THE TEAM BEHIND SPACE MISSIONS
“We stand on the shoulders of giants”
In space, and many other places in society, success is never due to one person. It’s the effect of the work and cooperation of many, even thousands of people. This is true for every single space mission.
You may think that its only scientists and engineers who are involved in a mission, but that is far from the truth. ALL skills are used to pull together a mission.
Scientists research the viability of technologies before they’re built and prove them theoretically. They then also do more science with the data from the mission and results from any tests done during the mission.
ENTREPRENEURS AND BUSINESS PEOPLE
Have a knack for business? The space industry is quickly becoming commercialised with the likes of space powers Space X and Boeing. There are lots of commercial avenues popping up, and even in government missions there needs to be a team of people making sure that budgets are met.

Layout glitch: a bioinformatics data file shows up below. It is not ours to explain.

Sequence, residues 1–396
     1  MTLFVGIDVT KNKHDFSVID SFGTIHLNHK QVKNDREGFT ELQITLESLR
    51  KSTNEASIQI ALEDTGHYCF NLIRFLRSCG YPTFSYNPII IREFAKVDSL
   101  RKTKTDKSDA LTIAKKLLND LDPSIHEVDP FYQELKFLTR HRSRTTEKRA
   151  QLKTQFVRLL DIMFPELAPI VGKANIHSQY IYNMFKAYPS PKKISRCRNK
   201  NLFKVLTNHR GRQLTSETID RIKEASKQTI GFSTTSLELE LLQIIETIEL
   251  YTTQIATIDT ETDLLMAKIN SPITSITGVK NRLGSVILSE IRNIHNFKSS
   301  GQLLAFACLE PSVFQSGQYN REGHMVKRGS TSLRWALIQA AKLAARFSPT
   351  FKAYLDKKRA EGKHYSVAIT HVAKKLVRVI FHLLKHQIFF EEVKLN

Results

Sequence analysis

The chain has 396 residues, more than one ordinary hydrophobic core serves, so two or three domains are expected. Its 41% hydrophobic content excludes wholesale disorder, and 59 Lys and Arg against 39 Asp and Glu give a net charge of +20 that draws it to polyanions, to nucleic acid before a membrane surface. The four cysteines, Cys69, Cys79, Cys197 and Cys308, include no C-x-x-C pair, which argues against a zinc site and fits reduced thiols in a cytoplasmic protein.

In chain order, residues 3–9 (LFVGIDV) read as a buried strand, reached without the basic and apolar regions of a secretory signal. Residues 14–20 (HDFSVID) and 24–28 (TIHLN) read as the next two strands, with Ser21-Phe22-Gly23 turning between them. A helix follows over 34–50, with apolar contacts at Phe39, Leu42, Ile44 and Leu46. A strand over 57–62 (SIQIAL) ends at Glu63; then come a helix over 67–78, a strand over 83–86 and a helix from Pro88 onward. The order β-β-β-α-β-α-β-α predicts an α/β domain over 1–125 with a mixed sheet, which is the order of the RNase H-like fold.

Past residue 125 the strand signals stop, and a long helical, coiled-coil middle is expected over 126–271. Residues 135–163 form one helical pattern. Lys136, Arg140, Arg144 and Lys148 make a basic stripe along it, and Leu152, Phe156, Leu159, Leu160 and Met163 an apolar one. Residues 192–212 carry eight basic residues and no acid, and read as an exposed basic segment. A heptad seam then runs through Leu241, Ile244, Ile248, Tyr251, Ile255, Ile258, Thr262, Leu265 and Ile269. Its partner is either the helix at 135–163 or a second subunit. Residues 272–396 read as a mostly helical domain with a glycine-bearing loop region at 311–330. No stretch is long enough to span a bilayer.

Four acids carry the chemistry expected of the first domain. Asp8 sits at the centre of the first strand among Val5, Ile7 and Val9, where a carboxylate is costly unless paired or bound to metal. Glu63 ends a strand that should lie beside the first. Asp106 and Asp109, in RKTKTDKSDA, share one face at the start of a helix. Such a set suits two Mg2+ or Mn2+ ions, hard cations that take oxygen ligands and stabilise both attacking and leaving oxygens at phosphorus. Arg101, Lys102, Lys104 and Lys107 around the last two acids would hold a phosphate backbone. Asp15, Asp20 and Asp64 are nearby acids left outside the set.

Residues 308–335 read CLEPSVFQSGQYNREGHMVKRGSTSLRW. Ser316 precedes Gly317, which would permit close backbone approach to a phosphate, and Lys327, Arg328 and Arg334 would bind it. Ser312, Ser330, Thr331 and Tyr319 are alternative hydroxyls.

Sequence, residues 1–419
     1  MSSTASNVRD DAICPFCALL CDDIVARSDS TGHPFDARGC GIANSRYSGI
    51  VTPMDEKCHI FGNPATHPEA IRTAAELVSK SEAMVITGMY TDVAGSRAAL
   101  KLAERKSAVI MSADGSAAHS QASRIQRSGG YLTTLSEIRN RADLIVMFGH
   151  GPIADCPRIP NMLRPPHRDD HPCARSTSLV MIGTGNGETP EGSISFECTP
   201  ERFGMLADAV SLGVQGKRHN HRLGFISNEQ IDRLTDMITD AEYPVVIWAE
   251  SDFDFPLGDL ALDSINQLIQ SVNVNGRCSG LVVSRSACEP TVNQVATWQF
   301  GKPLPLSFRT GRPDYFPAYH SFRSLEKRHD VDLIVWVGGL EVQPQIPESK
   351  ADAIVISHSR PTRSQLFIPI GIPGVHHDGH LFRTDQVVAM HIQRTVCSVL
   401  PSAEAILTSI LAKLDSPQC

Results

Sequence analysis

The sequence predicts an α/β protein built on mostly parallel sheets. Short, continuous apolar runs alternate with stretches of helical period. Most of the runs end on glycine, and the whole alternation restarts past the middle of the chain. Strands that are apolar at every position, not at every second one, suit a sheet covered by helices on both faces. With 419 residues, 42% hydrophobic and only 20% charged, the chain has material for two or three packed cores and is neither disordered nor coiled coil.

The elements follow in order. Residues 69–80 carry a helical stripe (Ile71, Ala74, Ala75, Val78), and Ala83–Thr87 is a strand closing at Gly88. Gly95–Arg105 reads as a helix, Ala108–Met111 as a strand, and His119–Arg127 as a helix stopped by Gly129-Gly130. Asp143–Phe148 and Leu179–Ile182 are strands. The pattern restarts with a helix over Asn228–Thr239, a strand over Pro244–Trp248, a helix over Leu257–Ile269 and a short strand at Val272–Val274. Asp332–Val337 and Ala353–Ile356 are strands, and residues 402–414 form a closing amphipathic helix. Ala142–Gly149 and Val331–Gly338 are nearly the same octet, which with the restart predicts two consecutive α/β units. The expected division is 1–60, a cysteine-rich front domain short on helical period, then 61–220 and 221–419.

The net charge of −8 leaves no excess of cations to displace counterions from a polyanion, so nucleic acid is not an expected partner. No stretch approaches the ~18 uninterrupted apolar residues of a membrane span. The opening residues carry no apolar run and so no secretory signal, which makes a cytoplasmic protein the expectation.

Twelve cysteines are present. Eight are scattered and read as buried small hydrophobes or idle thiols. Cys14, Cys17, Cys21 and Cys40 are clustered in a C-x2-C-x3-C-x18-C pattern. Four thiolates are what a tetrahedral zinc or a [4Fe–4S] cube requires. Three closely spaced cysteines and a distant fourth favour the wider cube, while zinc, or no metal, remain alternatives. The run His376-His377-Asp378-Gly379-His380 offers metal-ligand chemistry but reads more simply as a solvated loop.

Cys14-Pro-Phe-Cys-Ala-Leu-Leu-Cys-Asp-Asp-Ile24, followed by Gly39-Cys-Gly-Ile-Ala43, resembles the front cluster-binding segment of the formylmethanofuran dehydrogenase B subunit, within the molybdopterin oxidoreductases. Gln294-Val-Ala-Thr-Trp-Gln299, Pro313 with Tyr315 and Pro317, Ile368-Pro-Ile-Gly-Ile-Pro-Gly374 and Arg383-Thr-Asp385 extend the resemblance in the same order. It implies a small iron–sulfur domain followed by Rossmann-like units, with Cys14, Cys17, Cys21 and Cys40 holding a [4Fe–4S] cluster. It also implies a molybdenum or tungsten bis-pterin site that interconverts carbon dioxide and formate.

These guys do the technical design and testing of all of the technology for the mission. This includes the physical space ships and rockets, the software, the electronics, interfaces, astronaut seats and suits - everything.
There are a lot of costs, risks and laws that must be met for a space mission to go ahead. There is no point having great tech if your mission is breaking the law. Lawyers ensure that missions are within the law, and that they are insured for any risks.
Technicians bring the engineers work to life. They build, create and test all the physical aspects to a mission. There would be no mission without technicians, and all types of technicians for that matter.
There are countless people needed to manage and operate all facets of a mission. Large missions, like a lot of complex operations, are broken down into small bits and then sometimes those small bits are broken down into even smaller bits. All these small bits need to be organised and managed and linked to all the other bits.
All the astronauts have to undergo rigorous medical testing and surveillance. They are pushed to the limit and monitored by different types of doctors. The physical consequences of going to space on the human body are yet to be studied in depth, and there is still a lot that doctors are looking to learn.
The effect of going to space in a small area spacecraft, with few people, for a long period of time is very psychologically taxing. Psychologists are playing an increasingly important role in the selection and preparation of long distance astronauts.